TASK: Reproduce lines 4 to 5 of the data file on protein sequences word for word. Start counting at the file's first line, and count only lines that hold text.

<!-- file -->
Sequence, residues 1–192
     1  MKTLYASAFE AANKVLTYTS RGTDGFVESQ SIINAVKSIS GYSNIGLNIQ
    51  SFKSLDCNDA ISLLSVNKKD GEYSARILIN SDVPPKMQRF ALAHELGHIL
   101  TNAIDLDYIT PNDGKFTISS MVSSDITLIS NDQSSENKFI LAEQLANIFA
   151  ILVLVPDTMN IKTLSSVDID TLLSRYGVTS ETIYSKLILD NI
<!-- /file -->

   101  TNAIDLDYIT PNDGKFTISS MVSSDITLIS NDQSSENKFI LAEQLANIFA
   151  ILVLVPDTMN IKTLSSVDID TLLSRYGVTS ETIYSKLILD NI